Scrolling through and then selecting the sparse on-screen menu options involves pressing, variously, the ‘Video’ and ‘Menu’ buttons on the backplate, followed by a press of the shutter release button to implement a particular choice. 

There are two shooting modes – land or underwater – selectable via the on-screen menus, with a further drop down menu for each allowing the user to choose the mode to best suit their pursuits: snorkeling near the surface or diving deeper, for example. Forget to turn off the underwater mode when we’re shooting on land instead, and it’s no big deal, except that resulting pictures are given a sepia-like look, due to white balance having been altered.

Sealife Micro 3.0 sample image

(Image credit: Gavin Stoker/Digital Camera World)

(Image credit: Gavin Stoker/Digital Camera World)

(Image credit: Gavin Stoker/Digital Camera World)

Sample images shot on the Sealife Micro 3.0 camera (Image credit: Gavin Stoker/Digital Camera World)

When it comes to downloading pictures, we just use the provided USB adapter and USB lead and plug it into an available USB port on our computer, at which point the camera automatically pops up as an external hard drive on our desktop. If you're on a Mac it’s then just a simple case of dragging and dropping the images you want to save, thus freeing up more space in the camera’s own 64GB internal memory.

As noted above, when shooting on land, the ultra wide-angle 19mm equivalent lens means pictures are given a slight fisheye effect and we did notice occasional instances of lens flare too. In fairness, the level of detail and colour is commensurate with what we’d expect from a snapshot camera with a small-ish sensor, and general purpose shooting won’t be why most are considering a purchase of the SeaLife Micro 3.0 anyway. 

Ideal conditions for using this one are going to be crystal clear Caribbean or Mediterranean waters this summer and not the silt-y, muddy brown Thames we subjected our review sample to, with its predictably poor visibility and so inevitably disappointing results. Still, we were impressed that both the lens and the rear screen were left free of any smears or detritus after being dunked – water simply runs off, though as the screen is inset rather than being flush to the body, it can linger around the frame.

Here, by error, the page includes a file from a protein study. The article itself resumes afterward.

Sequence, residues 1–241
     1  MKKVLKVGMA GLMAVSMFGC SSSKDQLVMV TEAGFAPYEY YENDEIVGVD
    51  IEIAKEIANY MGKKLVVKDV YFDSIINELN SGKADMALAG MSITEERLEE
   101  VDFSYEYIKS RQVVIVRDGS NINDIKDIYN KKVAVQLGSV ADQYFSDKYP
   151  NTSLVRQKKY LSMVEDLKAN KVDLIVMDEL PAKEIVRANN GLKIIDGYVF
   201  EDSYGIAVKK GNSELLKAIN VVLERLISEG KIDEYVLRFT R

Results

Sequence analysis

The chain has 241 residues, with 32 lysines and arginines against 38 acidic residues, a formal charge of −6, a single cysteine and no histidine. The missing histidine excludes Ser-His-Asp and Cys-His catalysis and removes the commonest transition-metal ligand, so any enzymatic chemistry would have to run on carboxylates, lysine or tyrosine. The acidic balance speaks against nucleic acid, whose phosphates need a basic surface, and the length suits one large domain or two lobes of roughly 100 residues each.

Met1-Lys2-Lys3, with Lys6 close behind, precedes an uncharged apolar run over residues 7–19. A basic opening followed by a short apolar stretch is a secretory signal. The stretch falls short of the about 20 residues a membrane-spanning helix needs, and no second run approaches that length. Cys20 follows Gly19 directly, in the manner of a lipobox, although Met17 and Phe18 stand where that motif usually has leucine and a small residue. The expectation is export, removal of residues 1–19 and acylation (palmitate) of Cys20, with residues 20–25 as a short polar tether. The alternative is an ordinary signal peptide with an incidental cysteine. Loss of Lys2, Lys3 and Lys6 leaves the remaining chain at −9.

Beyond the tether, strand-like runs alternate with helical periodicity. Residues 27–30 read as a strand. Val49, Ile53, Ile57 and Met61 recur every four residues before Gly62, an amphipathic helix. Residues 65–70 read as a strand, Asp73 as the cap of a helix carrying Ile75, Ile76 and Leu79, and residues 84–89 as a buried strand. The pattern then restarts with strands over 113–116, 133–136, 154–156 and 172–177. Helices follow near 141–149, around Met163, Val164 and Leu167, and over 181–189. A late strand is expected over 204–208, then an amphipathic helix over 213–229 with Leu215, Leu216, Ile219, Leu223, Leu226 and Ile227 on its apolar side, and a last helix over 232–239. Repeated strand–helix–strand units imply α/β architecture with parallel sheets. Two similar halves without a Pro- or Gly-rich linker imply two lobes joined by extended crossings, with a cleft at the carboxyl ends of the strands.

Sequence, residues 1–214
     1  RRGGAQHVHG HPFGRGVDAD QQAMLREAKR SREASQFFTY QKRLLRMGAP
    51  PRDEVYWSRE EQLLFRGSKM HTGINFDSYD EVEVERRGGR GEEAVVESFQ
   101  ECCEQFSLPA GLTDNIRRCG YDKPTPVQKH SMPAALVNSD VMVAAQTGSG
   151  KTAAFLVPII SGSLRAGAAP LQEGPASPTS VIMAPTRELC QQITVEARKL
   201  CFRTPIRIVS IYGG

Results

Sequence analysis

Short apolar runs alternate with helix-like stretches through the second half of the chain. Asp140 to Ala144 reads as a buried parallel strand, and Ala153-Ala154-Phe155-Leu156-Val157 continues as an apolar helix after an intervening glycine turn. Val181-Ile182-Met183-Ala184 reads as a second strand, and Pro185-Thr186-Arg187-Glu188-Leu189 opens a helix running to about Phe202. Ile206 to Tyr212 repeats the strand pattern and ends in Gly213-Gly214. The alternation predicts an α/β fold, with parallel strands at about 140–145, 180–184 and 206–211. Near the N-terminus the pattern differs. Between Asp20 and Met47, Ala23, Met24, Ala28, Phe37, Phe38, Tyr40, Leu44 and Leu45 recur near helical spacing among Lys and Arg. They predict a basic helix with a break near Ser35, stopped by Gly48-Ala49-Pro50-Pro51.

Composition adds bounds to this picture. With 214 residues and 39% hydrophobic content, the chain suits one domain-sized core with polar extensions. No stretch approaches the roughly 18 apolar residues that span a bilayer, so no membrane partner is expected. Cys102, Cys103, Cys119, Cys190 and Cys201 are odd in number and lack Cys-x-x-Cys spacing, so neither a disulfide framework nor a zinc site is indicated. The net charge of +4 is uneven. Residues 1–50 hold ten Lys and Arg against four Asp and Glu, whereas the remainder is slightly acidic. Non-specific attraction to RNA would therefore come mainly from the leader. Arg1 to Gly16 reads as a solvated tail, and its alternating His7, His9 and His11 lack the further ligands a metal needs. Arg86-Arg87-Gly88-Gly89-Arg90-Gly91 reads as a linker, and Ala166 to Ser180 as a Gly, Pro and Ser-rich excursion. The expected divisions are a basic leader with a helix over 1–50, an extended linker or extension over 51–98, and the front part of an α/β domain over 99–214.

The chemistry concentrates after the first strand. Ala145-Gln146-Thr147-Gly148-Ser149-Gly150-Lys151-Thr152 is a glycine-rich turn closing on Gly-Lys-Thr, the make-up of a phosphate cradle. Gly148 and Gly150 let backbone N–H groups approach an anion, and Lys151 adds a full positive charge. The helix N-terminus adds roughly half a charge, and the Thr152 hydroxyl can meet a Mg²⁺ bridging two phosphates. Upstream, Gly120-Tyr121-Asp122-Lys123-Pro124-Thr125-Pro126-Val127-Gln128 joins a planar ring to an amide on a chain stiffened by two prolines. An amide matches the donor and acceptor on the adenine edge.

Thankfully the camera continued to work perfectly, despite there being moisture beneath the rubber USB cover when we removed it to examine for any water ingress. The shutter release button was also still leaking water a couple of hours after using, though this didn’t impair performance and operation one iota, and we’d wager in a warmer climate it would be quicker to dry out.


(Image credit: Gavin Stoker/Digital Camera World)

A toy-like, albeit sturdy camera build coupled with a premium price point might not have everyone rushing to purchase the SeaLife Micro 3.0 – but then this is a niche tool aimed at a particular specialism, namely underwater photography and video. 

As with any toughened or waterproofed camera, this model really comes into its own in allowing the capture and preservation of imagery in conditions and environments that we wouldn’t usually place a camera in – thus enabling photography that we wouldn’t otherwise get. That alone will be worth the admission price for some. Incidentally, for those who are really serious about underwater photography, look for the bundle deal that adds the SeaLife ‘Sea Dragon’ external LED light.

Also read
Best waterproof cameras
Best rain covers for cameras
Best underwater housings

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Gavin Stoker

Gavin has over 30 year experience of writing about photography and television. He is currently the editor of British Photographic Industry News, and previously served as editor of Which Digital Camera and deputy editor of Total Digital Photography

He has also written for a wide range of publications including T3, BBC Focus, Empire, NME, Radio Times, MacWorld, Computer Active, What Digital Camera and Rough Guide books.

With his wealth of knowledge he is well placed to recognise great camera deals and recommend the best products in Digital Camera World’s buying guides. He also writes on a number of specialist subjects including binoculars and monoculars, spotting scopes, microscopes, trail cameras, action cameras, body cameras, filters, cameras straps and more.